The compassion of Reb Moshe-Leib, the vision of the Seer of Lublin, the wisdom of Reb Pinhas, the warmth of the Ba al Shem Tov, the humor of Reb Naphtali to their followers these sages appeared as kings, judges, and prophets. They communicated joy and wonder and fervor to the men and women who came to them in the depths of despair. They brought love and compassion to the persecuted Jews of Russia, Ukraine, Poland, and Lithuania. For Jews who felt abandoned and forsaken by God, these Hasidic masters incarnated an irresistible call to help and salvation. The Rebbe combats sorrow with exuberance. He defeats resignation by exalting belief. He creates happiness so as not to yield to the sadness around him. He tells stories to escape the temptations of irreducible silence. It is Elie Wiesel's unique gift to make the lives and tales of these great teachers as compelling now as they were in a different time and place. In the tradition of Hasidism itself, he leaves others to struggle with questions of justice, mercy, and vengeance, providing us instead with eternal truths and unshakable faith.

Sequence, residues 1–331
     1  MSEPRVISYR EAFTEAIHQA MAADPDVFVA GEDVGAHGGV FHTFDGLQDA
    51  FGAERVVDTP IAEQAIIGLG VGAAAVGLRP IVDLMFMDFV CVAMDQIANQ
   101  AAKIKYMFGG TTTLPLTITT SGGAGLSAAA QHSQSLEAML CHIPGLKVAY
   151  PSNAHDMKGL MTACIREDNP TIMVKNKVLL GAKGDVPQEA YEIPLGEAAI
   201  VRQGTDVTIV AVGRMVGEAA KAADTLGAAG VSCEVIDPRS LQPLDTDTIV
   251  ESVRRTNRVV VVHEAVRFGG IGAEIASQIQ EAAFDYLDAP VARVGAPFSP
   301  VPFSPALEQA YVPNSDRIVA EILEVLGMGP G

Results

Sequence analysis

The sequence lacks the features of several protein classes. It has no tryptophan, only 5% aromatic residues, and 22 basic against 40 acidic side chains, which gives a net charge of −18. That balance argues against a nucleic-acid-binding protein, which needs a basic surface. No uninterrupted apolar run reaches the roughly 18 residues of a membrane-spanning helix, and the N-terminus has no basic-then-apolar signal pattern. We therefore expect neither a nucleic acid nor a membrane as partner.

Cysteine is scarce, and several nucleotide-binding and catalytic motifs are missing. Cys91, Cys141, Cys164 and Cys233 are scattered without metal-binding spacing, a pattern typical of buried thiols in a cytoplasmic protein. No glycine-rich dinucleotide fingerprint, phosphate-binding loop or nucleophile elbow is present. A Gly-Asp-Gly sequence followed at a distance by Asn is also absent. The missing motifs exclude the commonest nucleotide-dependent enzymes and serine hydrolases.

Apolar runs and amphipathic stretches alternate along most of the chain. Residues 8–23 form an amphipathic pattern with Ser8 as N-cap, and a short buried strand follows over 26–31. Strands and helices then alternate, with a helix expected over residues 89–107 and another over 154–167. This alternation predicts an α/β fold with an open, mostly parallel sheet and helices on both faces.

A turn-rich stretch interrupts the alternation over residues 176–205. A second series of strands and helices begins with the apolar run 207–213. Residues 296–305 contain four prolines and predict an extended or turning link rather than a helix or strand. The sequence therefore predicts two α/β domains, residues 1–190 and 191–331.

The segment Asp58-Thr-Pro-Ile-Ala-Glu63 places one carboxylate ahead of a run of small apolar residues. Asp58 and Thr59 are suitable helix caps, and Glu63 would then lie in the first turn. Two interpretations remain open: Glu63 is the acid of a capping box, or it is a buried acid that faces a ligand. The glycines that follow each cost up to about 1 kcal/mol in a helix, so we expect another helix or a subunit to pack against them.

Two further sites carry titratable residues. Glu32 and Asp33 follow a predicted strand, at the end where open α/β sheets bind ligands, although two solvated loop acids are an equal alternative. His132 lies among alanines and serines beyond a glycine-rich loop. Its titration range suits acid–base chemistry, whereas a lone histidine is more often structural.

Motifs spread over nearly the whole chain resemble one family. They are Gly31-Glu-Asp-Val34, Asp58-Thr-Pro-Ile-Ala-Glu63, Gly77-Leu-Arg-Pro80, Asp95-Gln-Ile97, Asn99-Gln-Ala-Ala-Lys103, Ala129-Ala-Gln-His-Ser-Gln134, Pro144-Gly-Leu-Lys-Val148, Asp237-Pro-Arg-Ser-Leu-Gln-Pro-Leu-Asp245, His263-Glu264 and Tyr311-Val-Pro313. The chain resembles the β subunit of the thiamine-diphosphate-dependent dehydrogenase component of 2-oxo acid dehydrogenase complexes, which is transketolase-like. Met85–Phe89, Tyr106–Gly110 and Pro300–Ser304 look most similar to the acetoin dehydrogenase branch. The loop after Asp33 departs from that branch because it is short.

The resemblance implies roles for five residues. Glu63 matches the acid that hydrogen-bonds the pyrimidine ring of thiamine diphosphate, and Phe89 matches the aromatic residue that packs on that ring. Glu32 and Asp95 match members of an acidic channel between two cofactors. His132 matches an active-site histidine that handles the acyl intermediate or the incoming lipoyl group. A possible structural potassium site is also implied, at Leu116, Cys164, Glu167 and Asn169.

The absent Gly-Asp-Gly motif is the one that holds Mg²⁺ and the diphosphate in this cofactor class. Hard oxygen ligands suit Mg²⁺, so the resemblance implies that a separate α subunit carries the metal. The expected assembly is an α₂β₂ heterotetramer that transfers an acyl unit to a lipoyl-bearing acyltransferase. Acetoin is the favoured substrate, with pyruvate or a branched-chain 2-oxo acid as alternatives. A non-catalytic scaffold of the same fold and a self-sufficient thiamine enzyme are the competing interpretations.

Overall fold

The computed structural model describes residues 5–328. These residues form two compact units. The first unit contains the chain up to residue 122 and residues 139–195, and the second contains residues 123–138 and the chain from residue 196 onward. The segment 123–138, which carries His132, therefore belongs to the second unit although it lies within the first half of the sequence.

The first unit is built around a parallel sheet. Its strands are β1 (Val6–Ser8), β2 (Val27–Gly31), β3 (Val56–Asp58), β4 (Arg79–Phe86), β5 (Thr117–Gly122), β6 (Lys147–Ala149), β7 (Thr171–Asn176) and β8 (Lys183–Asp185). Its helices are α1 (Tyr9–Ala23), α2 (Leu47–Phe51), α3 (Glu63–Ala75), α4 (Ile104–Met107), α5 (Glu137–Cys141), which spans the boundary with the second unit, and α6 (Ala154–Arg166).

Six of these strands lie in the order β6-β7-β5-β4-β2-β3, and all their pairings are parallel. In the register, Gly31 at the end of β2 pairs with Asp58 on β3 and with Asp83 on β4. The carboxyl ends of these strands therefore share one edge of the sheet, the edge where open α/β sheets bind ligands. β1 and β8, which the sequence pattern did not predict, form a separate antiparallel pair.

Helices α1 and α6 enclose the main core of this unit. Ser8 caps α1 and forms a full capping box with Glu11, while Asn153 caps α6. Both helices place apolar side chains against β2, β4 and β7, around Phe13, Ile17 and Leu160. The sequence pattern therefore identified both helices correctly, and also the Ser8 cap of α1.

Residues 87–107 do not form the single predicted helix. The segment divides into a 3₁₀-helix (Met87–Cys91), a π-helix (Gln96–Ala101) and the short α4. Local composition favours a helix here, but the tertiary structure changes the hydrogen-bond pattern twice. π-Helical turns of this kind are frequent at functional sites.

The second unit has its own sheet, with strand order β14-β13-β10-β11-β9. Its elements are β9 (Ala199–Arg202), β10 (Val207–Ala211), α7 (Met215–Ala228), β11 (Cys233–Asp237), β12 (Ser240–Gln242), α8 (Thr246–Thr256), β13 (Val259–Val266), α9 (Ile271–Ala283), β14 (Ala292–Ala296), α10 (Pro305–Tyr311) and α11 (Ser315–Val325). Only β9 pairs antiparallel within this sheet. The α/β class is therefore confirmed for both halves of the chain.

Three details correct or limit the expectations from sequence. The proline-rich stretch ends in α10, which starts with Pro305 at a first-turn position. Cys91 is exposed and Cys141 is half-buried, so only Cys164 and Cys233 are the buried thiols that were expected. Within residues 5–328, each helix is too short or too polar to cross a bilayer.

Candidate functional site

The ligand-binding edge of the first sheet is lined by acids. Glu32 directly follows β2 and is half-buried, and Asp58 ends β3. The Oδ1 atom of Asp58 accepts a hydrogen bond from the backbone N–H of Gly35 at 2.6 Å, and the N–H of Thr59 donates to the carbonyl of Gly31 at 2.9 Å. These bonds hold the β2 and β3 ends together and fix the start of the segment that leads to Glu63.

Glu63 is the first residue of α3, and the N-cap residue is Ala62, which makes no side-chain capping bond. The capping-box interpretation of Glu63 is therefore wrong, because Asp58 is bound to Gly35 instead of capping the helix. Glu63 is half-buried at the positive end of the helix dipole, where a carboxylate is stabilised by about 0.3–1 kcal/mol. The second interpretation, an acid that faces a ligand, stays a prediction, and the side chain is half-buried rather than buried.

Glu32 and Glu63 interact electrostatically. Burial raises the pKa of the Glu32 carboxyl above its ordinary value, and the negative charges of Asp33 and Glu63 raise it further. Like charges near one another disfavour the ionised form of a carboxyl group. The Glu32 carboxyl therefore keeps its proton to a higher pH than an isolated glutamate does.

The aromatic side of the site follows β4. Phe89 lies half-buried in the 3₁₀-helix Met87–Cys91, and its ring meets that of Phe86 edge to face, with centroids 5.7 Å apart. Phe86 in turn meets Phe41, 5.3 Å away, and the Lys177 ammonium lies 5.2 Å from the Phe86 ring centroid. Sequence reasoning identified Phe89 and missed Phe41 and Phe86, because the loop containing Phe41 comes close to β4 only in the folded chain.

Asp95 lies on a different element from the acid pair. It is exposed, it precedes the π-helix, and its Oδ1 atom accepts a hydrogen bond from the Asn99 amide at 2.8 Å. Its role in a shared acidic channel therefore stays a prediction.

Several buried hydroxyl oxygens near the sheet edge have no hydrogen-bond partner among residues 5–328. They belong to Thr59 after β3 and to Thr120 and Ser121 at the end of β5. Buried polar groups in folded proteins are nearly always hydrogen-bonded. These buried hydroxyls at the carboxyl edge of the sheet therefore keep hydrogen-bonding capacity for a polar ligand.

About the Author
Elie Wiesel was awarded the Nobel Peace Prize in 1986. The author of more than forty internationally acclaimed works of fiction and nonfiction, he is Andrew W. Mellon Professor in the Humanities and University Professor at Boston University.